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Woburn Abbey
Home of the Dukes of Bedford

This abbey was once inhabited by a group of Cisterian Monks. This means that it was a strict Roman Catholic monastery. These abbeys were to some a peaceful area of retreat. By the time 1543 rolled around it was no longer a peaceful retreat, though. The Abbot Hobbs was found guilty of "Treasonable utterances against the King" and he was hanged on an oak at the gate of the Abbey. For some mysterious reason, the successive generations of Russells maintained the ancient oak tree where the last abbot of the monastery was hanged which still remains to remind us of his death.

King Edward VI confiscated the land owned by the Cistercian monastery and granted it to John Russell, the first Earl of Bedford in 1574. The abbey itself is an 18th-century mansion although the house's history began in 1145 when Hugh deBolebec built an abbey here for Cistercian monks. Some of the old stone had been incorporated into the foundations of the mansion. The abbey was confiscated in 1538 under the orders of King Henry VIII for 'treasonable utterances' and given to Sir John Russell for services to the crown in 1547. It became the family seat of the Russell family in 1619. It had been home to the Dukes and Earls since 1627 when Francis, succeeding his cousin as Fourth Earl, decided to build on the remains of the Cistercian abbey.

The Russell family was of Protestant religion. In 1694 Lord Russell was among those who plotted against the Roman Catholic Duke of York coming to the throne. This plot was discovered and Lord Russell was executed. In recognition of Lord Russell's sacrifice for Protestantism, his father was made Duke of Bedford and Marquess of Tavistock by William III. In 1747 the house was partially reconstructed and extended by the Palladian architect Henry Flitcroft (in 1747-61) who built Woburn Abbey into most of what we see today.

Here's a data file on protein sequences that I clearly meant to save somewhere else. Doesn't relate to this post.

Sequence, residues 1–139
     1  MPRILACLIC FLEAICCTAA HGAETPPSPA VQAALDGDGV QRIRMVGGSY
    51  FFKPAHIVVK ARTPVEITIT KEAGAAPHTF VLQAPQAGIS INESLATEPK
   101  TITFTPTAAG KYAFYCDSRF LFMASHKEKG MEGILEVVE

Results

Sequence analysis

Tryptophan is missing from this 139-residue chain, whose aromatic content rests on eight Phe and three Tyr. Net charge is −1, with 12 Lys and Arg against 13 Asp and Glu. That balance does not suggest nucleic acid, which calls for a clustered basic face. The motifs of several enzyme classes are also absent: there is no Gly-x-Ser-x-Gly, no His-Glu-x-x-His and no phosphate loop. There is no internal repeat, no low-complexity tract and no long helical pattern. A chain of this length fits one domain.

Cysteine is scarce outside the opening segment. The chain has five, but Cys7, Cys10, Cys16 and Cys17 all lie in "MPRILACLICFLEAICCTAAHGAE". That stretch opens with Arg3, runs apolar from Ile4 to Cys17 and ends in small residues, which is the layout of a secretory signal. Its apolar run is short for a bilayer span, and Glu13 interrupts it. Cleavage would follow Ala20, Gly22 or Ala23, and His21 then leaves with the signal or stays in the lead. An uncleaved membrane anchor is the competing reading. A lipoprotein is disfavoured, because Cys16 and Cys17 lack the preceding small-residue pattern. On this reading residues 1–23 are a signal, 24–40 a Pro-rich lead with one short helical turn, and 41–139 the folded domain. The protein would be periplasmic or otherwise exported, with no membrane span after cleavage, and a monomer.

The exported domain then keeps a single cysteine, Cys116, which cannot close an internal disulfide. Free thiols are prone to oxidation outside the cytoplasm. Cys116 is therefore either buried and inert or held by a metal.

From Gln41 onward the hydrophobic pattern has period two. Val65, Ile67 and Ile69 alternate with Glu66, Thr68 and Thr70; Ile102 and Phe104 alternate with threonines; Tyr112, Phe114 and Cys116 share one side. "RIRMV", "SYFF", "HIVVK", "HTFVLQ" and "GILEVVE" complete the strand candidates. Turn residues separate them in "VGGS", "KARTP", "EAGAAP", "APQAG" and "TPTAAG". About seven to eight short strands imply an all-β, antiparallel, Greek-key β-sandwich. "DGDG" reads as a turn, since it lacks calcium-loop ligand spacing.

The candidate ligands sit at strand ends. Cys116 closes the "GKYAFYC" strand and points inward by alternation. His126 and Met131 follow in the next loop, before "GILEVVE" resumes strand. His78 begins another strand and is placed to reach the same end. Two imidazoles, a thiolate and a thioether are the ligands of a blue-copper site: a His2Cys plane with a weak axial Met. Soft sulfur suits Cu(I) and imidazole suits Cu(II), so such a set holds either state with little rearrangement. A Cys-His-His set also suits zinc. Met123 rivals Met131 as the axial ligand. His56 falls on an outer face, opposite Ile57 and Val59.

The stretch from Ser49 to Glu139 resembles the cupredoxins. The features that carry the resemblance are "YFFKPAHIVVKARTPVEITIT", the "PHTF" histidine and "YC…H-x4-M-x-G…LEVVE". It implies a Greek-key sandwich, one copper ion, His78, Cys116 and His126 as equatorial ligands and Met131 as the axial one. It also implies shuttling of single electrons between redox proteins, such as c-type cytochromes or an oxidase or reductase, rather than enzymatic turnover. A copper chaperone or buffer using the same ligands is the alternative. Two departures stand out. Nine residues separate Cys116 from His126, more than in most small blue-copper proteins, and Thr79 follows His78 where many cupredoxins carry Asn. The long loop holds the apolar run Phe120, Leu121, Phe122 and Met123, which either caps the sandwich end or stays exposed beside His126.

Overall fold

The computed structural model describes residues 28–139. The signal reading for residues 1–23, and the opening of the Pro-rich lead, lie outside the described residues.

The next major building period was in 1786 under the direction of Henry Holland (also in 1787-88) and although some of Holland's work had to be demolised in 1949 his influence remains in the Canaletto room and Library. Henry Holland was also closely involved in the design and construction of Broadlands.

The 13th Duke of Bedford, succeeding to the title and to severe death duties (inheritance taxes) in 1953, determined to realise to the full the potential earning power of a "stately home" and opened it as a paying tourist attraction. He was a resourceful publicist, and, by the end of the 1950's, Woburn Abbey was a name well known to the British public; by the 1960's it was almost as well known abroad.

Deer Park and Grounds

Woburn's 3,000 acre deer park was landscaped by Humphry Repton in the early 19th century, some of which was used for the Woburn (experimental) Farm, and contains an abundance of wildlife, including nine species of deer. One of these, the Pere David, descended from the Imperial Herd of China, was saved from extinction at Woburn and is now the largest breeding herd in the world. Majestic oaks, gently landscaped parkland and lakes make this one of the most beautiful of parks. Over 1,000 deer roam here, including the Pere David deer, saved from extinction at Woburn.

As you enter the Park you will pass the splendid range of farm buildings, designed by Robert Salmon and Henry Holland, built in 1780. These incorporate the Bedford Estates Office and the Bloomsbury Stud. The famous purple and white colours of the Bloomsbury Stud have been carried with great success on race courses around the world. To the left you will see the Dairy completed in 1900.

The Gardens

There are 40 acres of pleasure gardens and a Pottery, as well as the 40 shop Antiques Centre which is probably the most unusual such centre outside London, having been designed and built utilising many shop fronts and facades, rescued from demolition sites in various parts of Britain.